There are no miracles in Miracle Mile (1988), & there's no special "mile" of importance either. Dull Inch might've better captured it, or just Flaccid. It has "third-rate telefilm" stamped all over it, from a rarely employed director of episodic television. Yet unbelievably, it was a theatrical release.
It stars Anthony Edwards, forever to be best remembered for his lengthy stint on the prime time hospital soap E.R., & not very interesting anything he's done since.
He takes on the thankless role of Harry Washello, cutesy-poo nobody who falls in love at first sight with the equally bland Julie Peters (Mare Winningham, likewise mostly from episode television, nothing memorable), met in the Natural History Museum in the shadow of dinosaur bones.
The first half of the film is Harry & Julie's unsexy whirlwind romance, during which there's no reason on earth to believe they're in love with each other beyond the fact that the script demanded it be so.
The last half of the film is something else altogether, not necessarily something better, badly foreshadowed by the aforementioned dinosaur bones.
Harry took Julie home & afterward sauntered about the nighted city happy as a lark. He answers a ringing payphone outside a diner & it's a young man in a missile silo who thinks he's calling his dad but got the wrong area code.
The panic stricken soldier announces that American warheads will reach Russia in under an hour, & return nuclear missiles will reach the United States in one hour & ten minutes.
It's essentially the end of the world, so the premise of everything that follows is moronic to extreme.
It's impossible to figure out how this turd ever got greenlighted, but I'd sure like to pitch my idea for a film about climbing a compost heap to the moon, as it's just as good.
When Harry tells people in the all-night diner what the call was about, they're inclined to believe it's a hoax, but there happens to be a woman present, Linda (Denise Crosby), who has the right phone numbers memorized & uses her shoe-sized 1988 portable phone to try to get hold of people who'll know if nuclear war has started or not.
Unfortunately she can't get hold of anyone because they're all en route to the North Pole. Which is, of course, the only answer she needed.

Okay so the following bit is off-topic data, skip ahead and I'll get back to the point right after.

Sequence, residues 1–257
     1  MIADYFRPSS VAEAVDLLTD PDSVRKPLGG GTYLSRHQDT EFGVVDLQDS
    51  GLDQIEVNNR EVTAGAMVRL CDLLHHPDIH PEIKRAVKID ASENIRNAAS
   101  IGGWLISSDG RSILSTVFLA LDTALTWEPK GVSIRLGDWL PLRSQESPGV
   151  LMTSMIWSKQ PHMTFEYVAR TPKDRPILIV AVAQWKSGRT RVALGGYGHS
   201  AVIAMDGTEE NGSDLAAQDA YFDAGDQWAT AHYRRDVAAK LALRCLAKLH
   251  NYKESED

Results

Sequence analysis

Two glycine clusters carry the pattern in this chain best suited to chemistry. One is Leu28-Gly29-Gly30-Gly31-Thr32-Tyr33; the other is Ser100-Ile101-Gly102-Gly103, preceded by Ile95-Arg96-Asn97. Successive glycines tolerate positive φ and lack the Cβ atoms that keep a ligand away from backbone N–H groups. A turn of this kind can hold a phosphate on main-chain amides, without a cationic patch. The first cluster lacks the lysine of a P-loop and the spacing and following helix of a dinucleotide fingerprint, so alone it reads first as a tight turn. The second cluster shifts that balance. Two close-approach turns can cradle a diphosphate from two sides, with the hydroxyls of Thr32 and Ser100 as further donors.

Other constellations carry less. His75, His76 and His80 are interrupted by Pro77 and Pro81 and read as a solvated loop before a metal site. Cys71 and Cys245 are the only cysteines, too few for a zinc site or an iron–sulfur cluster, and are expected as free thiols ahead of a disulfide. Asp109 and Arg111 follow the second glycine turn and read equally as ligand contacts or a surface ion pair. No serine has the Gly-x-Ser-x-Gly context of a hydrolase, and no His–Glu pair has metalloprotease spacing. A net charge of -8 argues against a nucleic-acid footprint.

So the people in the diner are the only ones in Los Angeles who know there's only an hour & ten minutes to get to the North Pole. Never mind that that's simply not enough time to get there. Never mind that airplanes can't fly there from L.A. Diner babe-with-connections Linda makes another call which is all it takes to arrange a special flight & everyone heads for L.A. airport to catch a flight to the Arctic Circle. It couldn't've been any more impropable if she'd showed them the secret government tunnel straight to Santa's house.
But Harry first needs to go get the woman with whom he just fell in love. Might have to repopulate the world later after all. She's at home sound asleep & won't answer the phone. So the hour & ten minutes (by now even less) which he has to get to the North Pole will instead be spent getting to Julie's place then to a magical redezevous point to a transport helecoptor on top of a hotel then to L.A. then to the North Pole.
[SPOILER ALERT!] They will make it to the helicopter just in time, but it turns out, what nobody had expected, is you can't fly away from a nuclear bomb just as it's exploding & stay in front of the explosion.
So they die in the helicopter declaring for the umpty-umth time their totally unconvincing eternal love for one another. [END SPOILER ALERT]
Before that dumbass conclusion we'll get to see Harry & eventually Julie running about like chickens with their heads cut off, sometimes together, sometimes separated, looking for a helicopter pilot in the wee hours of dawn & finding one in an all-night gym, the pilot wanting to bring his boyfriend, "Is that a problem?" the buff faggot asks, & of course it's not.
The ultra-butch faggot was an intentional joke, & he turns out to be the only heroic fellow in the film, tiny though the role is. But most of the laughs are by accident. Apart from one grisly fire gag & the final scenes of rioting, it's a talk-talk-talk movie with nothing happening, & the dialogue is just too awful & ridiculous, with the silliest excuses for Julie & Harry to separate & lose each other, find each other again, then separate.
The initial hour & ten minutes to doomsday lasts until dawn for reasons unknown, & even then there's not enough time to come up with a better plan. By sun-up the population of L.A. is finding out the world's about to end, so rioting breaks out, because if you only had seconds to live wouldn't you want to be running down the street with a stolen television?
There'll be a little actual action in the last few minutes, so in the main it's the jabbering dull dialog & the drivilish tale of lovers facing doom that is supposed to hold us rapt. If rioters had hacked them to bits & started roasting their pieces, it might've gotten better.
The film relies on a series of third-rate character performances-under-pressure to have any strength at all, & the only reason to keep watching is the fact that the badness of the damned thing is good for a few laughs in all the unintended places.
The dissonance of starting with a maximumly banal love story then setting two police officers on fire later in the film, of trying to be a tearjerker & Dr. Strangelove simultaneously, makes for such a resoundingly bad film that it's worth seeing in the same way death on the highway inspires curious rubbernecking. See it if you love to guffaw at failure.
copyright © by Paghat the Ratgirl